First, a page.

I seriously doubt that totally selfish and arrogant Israel and its global supporters have much respect and concern for the USA. So, no more irrational and costly wars for Zionist Israel, unless that is the only way Obama can get reelected--careful of the timing though--wait for late 2011 or early 2012. Hillary can also replace Joseph "I'm a Zionist" Biden on the ticket and an attack on Iran can help her when she runs for the presidency in 2016. I have very little confidence that American leadership will put American national security and interests first. American pressure on Israel in the so-called peace process is a smoke screen for this very attack. The tail will likely wag the dog once again, regardless of the current appearances. That has been the real history of American-Israeli relations since at least 1981.

What are Israel and Iran waiting for?

No one cares about Iran including the Iranians themselves, so really, what are they waiting for!!

Israel Muse

Iran bolsters friendships abroad
By Jonathan Marcus

Diplomatic correspondent, BBC News.

The US and its European allies like to see Iran as an increasingly isolated country; its economy hobbled more and more by economic sanctions and with the pressure growing weekly.

There is no doubt that Iran is to a large extent isolated from key markets and that the sanctions are beginning to act as a significant brake on its economy.

This was already in a bad way due to mismanagement and structural problems.

Iran's inability, for example, to import Western technology for its oil and gas industry is seriously reducing its ability to exploit this vital natural asset over time.

However, as this week's gathering of the Developing 8 (D8) in Nigeria shows, there is isolation and there is isolation.

Strong sympathy

Iran is no North Korea. It maintains strong economic ties with both Russia and China.

Iranian President Mahmoud Ahmadinejad is something of a globetrotter, pursuing an active diplomacy in Africa, Asia, Latin America and the Balkans.

The D8 gathering brings together a diverse collection of countries, including a number who are significant players in their own regions - Bangladesh, Egypt, Indonesia, Iran, Malaysia, Nigeria, Pakistan and Turkey.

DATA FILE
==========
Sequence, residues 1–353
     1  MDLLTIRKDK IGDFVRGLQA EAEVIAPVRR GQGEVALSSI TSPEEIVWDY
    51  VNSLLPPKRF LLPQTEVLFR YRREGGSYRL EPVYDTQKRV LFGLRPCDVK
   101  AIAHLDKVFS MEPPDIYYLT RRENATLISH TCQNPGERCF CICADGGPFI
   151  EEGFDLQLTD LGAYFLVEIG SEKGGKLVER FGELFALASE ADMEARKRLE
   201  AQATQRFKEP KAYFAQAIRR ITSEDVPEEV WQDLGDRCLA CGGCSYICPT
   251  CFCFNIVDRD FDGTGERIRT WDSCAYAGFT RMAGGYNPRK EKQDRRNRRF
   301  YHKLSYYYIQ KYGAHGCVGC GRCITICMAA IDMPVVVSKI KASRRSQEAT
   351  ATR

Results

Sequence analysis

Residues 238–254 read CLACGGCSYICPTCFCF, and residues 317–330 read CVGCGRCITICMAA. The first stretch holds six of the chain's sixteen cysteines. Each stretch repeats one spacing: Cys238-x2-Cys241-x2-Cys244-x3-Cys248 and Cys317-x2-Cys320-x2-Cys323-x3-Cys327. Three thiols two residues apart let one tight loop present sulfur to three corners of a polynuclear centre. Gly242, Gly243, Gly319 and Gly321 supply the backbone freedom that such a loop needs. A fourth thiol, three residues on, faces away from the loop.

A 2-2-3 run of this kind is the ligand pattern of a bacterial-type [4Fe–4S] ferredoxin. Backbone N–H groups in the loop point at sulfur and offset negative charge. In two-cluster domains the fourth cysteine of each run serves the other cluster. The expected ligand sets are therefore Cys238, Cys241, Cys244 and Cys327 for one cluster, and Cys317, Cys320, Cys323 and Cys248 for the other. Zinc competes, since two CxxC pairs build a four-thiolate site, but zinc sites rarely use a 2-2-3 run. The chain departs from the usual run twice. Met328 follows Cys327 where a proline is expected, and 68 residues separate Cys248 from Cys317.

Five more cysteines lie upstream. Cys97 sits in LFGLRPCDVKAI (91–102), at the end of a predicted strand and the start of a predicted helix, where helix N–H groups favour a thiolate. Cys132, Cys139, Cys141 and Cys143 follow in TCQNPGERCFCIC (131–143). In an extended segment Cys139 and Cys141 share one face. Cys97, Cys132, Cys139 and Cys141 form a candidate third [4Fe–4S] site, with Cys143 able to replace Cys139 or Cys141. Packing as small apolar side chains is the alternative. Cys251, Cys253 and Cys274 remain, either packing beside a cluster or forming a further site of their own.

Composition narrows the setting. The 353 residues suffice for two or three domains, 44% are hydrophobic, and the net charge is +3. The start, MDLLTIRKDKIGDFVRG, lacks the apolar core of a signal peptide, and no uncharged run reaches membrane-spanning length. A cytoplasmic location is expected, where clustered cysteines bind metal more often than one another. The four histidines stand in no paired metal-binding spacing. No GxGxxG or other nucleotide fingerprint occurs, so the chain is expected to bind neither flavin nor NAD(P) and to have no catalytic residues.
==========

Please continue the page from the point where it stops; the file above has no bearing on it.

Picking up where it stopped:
All are predominantly Muslim countries or have large Muslim populations.

While principally a trading or economic grouping, politics is never really far away and they are set to give a resounding endorsement of the need for all countries to be able to secure the benefits of peaceful nuclear energy.

This will be taken by Iran as an endorsement of its efforts to master various nuclear technologies. It insists that this is for civil, not military, purposes.

The meeting underlines the fact that many governments - especially in the developing world - still have strong sympathy for Iran's aims.

They view its battle with the United Nations Security Council over the enrichment of uranium in very different terms from those perceived in Washington and European capitals.

Dynamic diplomacy

The meeting highlights the fact too that Iran has a dynamic and active diplomacy of its own; something that is often forgotten with the focus on US coalition-building to back each new round of UN-imposed sanctions.

Mr Ahmadinejad received a warm reception from the D8 delegates At many levels Iran's diplomacy has actually been quite successful.

It recently engaged with two of the key emerging regional powers - Turkey and Brazil. They had intervened to try to find a compromise deal that would enable the fuelling of a research reactor in Iran used to produce medical isotopes.

The US and its supporters would argue that it is wrong to see its differences with Iran as a battle between Tehran and the West.

It is, after all, the demands of the UN - the International Atomic Energy Agency (IAEA) and the Security Council - with which Iran is failing to comply.

But that is not how it is seen in many parts of the world and Mr Ahmadinejad's warm reception among the D8 is evidence that many still have a very different view of Iran and its nuclear struggles.

Nothing in the present Charter shall impair the inherent right of individual or collective self-defence if an armed attack occurs against a Member of the United Nations, until the Security Council has taken measures necessary to maintain international peace and security. Measures taken by Members in the exercise of this right of self-defence shall be immediately reported to the Security Council and shall not in any way affect the authority and responsibility of the Security Council under the present Charter to take at any time such action as it deems necessary in order to maintain or restore international peace and security.